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we are subject to anti-money laundering laws in the other countries and jurisdictions in which we operate and hold licenses including Europe, Mexico and Guatemala. We are also subject to financial services regulations, money transfer licensing regulations, consumer protection laws, currency control regulations, escheat laws, privacy and data protection laws and anti-bribery laws. Many of these laws are constantly evolving, unclear and inconsistent across various jurisdictions, making compliance challenging. Subsequent legislation, regulation, litigation, court rulings or other events could expose us to increased program costs, liability and reputational damage.
As a MSB, we are subject to reporting, recordkeeping and anti-money laundering provisions in the United States as well as many other jurisdictions. In the past few years there have been significant regulatory reviews and actions taken by U.S. and other regulators and law enforcement agencies against banks, MSBs and other financial institutions related to money laundering, and the trend appears to be greater scrutiny by regulators of potential money laundering activity through financial institutions. We are also subject to regulatory oversight and enforcement by FinCEN. Any determination that we or our agents have violated the anti-money-laundering laws could have an adverse effect on our business, financial condition and results of operations.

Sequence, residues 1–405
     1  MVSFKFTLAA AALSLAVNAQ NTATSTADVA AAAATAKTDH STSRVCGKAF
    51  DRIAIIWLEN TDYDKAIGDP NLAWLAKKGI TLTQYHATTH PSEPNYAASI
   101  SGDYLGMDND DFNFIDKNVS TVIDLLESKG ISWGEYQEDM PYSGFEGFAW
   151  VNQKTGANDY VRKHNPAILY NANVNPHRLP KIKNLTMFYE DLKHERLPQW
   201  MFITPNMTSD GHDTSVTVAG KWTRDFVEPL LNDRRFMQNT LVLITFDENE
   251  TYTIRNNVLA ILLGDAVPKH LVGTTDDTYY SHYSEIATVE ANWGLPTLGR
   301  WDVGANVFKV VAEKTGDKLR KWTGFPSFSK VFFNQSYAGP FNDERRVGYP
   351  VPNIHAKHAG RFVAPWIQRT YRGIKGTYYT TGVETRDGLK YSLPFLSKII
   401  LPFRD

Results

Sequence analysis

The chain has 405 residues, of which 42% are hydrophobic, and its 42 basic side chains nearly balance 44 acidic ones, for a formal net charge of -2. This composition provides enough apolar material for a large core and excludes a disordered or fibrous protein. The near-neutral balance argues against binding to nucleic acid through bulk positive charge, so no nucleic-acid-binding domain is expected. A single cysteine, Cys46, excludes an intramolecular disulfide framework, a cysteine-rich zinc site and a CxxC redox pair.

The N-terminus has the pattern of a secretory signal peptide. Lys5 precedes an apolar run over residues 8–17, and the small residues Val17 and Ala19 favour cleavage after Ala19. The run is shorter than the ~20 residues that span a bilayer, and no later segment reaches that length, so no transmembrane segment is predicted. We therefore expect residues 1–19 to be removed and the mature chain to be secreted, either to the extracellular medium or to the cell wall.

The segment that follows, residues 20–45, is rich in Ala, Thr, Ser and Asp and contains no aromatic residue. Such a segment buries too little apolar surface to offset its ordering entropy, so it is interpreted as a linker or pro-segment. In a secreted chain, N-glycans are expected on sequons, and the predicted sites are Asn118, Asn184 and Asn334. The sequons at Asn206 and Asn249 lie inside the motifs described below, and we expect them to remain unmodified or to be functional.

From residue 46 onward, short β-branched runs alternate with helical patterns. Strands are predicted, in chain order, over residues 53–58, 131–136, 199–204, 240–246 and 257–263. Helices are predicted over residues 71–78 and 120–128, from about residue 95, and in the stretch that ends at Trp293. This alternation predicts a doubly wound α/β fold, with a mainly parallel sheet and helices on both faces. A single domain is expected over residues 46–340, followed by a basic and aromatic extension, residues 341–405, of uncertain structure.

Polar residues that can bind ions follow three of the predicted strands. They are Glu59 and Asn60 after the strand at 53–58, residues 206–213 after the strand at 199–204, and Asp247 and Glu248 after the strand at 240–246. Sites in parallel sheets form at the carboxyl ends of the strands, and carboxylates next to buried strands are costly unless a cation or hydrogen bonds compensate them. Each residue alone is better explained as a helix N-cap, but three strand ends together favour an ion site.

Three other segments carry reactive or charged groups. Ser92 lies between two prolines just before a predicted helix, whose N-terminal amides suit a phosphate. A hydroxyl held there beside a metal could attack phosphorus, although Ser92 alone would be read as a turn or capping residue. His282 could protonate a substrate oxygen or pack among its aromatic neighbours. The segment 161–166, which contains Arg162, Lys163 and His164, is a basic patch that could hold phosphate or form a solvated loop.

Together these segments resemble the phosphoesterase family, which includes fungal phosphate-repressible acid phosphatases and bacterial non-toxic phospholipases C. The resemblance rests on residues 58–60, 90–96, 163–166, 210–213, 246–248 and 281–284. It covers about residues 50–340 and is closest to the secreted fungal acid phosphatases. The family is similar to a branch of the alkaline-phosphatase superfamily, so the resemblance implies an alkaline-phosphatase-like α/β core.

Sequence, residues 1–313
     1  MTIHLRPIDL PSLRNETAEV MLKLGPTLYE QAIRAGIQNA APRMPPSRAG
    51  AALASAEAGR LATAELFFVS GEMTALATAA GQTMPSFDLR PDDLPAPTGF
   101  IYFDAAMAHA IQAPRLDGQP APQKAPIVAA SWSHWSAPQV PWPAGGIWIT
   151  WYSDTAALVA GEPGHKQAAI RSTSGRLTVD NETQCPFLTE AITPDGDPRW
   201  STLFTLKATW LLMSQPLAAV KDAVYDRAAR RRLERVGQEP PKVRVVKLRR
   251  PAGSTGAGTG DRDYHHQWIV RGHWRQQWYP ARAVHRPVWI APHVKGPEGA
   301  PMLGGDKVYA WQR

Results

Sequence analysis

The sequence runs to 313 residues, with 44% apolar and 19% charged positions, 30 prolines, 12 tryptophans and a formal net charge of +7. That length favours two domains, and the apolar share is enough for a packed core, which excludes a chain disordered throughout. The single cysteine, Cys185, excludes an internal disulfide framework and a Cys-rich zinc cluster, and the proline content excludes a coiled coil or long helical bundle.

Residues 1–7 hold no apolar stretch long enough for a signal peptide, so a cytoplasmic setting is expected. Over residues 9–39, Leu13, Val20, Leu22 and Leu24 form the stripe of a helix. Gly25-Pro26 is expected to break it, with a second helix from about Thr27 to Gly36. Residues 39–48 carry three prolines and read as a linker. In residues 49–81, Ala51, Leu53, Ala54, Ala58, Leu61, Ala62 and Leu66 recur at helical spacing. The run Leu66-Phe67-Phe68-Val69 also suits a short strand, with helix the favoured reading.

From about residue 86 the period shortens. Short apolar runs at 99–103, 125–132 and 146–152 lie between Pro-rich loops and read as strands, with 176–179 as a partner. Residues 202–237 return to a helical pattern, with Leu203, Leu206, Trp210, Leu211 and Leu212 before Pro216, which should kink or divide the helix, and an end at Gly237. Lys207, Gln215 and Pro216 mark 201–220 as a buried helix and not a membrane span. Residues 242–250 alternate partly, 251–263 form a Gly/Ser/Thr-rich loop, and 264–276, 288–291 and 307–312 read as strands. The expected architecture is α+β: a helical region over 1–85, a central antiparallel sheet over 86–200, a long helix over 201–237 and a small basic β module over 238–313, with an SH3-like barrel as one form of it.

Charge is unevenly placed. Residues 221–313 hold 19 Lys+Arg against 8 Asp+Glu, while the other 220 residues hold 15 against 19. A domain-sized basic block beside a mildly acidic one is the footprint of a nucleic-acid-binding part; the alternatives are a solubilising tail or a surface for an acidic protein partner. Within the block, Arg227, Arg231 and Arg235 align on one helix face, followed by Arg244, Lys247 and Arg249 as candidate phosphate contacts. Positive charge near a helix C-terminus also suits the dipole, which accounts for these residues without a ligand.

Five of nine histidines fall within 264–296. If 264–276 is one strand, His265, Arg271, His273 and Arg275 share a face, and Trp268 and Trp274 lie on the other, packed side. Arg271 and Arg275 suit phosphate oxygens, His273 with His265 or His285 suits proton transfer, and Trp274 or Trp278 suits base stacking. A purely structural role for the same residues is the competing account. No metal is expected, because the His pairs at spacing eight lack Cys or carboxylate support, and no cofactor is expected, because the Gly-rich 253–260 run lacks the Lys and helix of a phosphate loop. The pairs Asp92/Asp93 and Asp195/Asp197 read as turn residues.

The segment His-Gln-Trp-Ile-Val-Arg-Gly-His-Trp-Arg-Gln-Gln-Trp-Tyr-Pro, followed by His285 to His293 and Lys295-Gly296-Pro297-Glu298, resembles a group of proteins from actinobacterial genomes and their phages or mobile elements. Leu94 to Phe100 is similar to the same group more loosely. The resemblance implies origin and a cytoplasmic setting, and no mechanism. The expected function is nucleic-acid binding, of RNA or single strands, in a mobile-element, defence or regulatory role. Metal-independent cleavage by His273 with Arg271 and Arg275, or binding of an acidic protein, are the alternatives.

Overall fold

The Dodd-Frank Act increases the regulation and oversight of the financial services industry. The Dodd-Frank Act requires enforcement by various governmental agencies, including the CFPB. We could be subject to fines or other penalties if we are found to have violated the Dodd-Frank Act’s prohibition against unfair, deceptive or abusive acts or practices. The CFPB’s authority to change regulations adopted in the past by other regulators could increase our compliance costs and litigation exposure. Our litigation exposure may also be increased by the CFPB’s authority to limit or ban pre-dispute arbitration clauses. We may also be liable for failure of our agents to comply with the Dodd-Frank Act. The legislation and implementation of regulations associated with the Dodd-Frank Act have increased our costs of compliance and required changes in the way we and our agents conduct business. In addition, we are subject to periodic examination by the CFPB. These examinations may require us to change the way we conduct business or increase the costs of compliance.
In addition, we are subject to escheatment laws in the United States. We are subject to the laws of various states in the United States which from time to time take inconsistent or conflicting positions regarding the requirements to escheat property to a particular state, making compliance challenging. In some instances, we escheat items to states pursuant to statutory requirements and then subsequently pay those items to consumers. For such amounts, we must file claims for reimbursement from the states.